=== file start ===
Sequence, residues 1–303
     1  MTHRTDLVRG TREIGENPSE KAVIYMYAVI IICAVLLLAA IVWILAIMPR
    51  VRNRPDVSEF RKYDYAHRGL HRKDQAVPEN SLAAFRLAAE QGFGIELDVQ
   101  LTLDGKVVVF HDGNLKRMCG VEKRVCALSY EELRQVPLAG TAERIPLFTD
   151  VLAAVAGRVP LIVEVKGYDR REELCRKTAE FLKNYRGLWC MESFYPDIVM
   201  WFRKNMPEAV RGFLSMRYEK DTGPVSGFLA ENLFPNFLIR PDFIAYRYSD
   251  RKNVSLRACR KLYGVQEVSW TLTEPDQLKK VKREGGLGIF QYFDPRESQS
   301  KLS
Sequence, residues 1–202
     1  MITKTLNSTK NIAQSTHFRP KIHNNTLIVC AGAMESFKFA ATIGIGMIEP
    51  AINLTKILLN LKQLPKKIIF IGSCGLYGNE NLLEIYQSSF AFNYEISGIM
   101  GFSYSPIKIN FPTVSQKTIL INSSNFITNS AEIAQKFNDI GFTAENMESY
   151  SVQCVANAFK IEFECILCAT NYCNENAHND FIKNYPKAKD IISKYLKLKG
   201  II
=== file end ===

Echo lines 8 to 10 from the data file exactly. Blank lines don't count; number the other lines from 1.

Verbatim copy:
   301  KLS
Sequence, residues 1–202
     1  MITKTLNSTK NIAQSTHFRP KIHNNTLIVC AGAMESFKFA ATIGIGMIEP